Math. Model. Nat. Phenom.
Volume 12, Number 2, 2017Eco-epidemiology
|Page(s)||84 - 115|
|Published online||21 April 2017|
Migration Effects on Population Dynamics of the Honeybee-mite Interactions
Simon A. Levin Mathematical and Computational Modeling Sciences Center, Arizona State University, Tempe, AZ 85281, USA
2 Carl Hayden Bee Research Center, United States Department of Agriculture-Agricultural Research Service, Tucson, AZ 85719, USA
3 Departamento de Ingenieria Biomédica, Universidad de los Andes, Bogota, Colombia
4 Sciences and Mathematics Faculty, College of Integrative Sciences and Arts, Arizona State University, Mesa, AZ 85212, USA
* Corresponding author. E-mail: email@example.com
Honeybees are an amazing and highly beneficial insect species that play important roles in undisturbed and agricultural ecosystems. Unfortunately, honeybees are increasingly threatened by numerous factors, most notably the parasitic varroa mite (Varroa destructor Anderson and Trueman). A recent field study showed that migrations of mites into hives on foraging bees greatly contributes to the rapid growth of mite population in colonies, and increases the mortality of honeybees. Motivated by this, we propose a simple two-patch honeybee-varroa model to explore how foraging behavior of honeybees in the presence of varroa mite infestations affect the population dynamics of honeybees and mites, respectively. We provide a full analysis on the local and global dynamics of our proposed two-patch model, which incorporates mite migration generated by honeybee foraging activities. Our analytical and numerical studies reveal the dynamical outcomes of migration including: (a) Mite's extinction cannot be prevented by mite migration when mite population in each patch goes extinct in the absence of mite migration, however, mite migration could drive mite extinct under proper conditions. (b) Under proper conditions, high rates of mite migration could have the following effects: (1) save one honeybee colony from collapsing when both honeybee colonies are going extinct without migration; (2) drive honeybee extinct in at least one patch. (c) Intermediate migration rate could generate multiple locally stable honeybee-mite coexistence equilibria, and drive mite's extinction under proper environments. (d) An increase in migration rate causes a growth of the varroa population, which in return has a negative feedback on the colony population. (e) Increasing mite migration from a healthy patch to a collapsing patch could reduce the extinction time in the collapsing patch. Our results provide novel insights on the effects of foraging and Varroa migration on colony survival.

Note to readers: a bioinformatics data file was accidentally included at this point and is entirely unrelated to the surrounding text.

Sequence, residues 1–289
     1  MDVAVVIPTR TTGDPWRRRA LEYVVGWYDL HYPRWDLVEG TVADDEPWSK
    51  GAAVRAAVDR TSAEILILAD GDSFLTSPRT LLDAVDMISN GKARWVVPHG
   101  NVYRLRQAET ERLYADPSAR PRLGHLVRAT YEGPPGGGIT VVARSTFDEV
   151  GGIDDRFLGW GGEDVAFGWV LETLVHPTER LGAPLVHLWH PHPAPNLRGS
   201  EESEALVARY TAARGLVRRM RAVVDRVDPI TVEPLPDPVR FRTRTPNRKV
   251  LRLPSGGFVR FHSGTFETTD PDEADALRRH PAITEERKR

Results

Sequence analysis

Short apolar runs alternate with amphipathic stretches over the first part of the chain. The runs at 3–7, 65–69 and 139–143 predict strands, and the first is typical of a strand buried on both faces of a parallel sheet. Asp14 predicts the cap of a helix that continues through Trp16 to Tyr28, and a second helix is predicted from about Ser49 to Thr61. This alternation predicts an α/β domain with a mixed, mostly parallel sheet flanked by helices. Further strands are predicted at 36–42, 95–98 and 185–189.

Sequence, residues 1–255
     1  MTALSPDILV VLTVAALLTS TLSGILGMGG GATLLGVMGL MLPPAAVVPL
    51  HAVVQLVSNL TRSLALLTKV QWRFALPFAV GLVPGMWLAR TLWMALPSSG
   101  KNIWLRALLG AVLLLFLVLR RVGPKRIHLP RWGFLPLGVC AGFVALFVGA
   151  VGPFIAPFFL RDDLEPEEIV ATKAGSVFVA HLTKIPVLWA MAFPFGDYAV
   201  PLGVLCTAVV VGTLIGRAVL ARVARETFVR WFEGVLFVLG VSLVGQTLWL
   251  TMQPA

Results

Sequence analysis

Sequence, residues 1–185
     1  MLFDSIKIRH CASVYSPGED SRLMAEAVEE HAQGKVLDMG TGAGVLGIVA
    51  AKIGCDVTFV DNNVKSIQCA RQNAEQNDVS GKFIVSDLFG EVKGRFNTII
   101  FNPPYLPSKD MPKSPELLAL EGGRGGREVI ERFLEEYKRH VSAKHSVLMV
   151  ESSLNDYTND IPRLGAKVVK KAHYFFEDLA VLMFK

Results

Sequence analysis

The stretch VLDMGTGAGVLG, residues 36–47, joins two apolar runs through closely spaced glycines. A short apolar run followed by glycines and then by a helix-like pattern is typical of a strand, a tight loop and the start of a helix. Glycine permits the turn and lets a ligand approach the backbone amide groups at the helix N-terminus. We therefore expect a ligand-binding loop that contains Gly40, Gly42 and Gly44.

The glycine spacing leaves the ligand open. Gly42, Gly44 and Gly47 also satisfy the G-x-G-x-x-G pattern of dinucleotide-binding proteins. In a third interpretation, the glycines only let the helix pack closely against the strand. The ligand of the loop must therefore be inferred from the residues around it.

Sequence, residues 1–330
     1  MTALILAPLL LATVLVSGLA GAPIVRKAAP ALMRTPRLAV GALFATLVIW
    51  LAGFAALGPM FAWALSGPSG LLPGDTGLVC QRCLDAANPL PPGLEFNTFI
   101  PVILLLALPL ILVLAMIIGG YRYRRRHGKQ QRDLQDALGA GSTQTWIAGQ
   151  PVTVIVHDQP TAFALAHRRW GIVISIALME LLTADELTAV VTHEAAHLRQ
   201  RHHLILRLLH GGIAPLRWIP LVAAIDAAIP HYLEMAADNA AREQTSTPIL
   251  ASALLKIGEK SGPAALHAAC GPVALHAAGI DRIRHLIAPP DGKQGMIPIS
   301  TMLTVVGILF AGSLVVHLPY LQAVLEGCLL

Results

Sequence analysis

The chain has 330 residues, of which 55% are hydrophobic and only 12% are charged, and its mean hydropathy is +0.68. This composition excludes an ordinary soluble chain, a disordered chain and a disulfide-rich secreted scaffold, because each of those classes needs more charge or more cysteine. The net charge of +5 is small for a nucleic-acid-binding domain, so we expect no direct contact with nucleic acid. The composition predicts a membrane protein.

Mathematics Subject Classification: 37G35 / 34C23 / 92D25 / 92D40
Key words: migration / honeybee / mite / colony loss / extinction
© EDP Sciences, 2017
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